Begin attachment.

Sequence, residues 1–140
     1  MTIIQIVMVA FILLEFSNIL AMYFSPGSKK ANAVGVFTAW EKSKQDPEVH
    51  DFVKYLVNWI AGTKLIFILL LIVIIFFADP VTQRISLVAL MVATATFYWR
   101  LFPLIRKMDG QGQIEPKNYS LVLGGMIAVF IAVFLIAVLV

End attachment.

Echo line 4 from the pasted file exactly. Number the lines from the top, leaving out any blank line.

   101  LFPLIRKMDG QGQIEPKNYS LVLGGMIAVF IAVFLIAVLV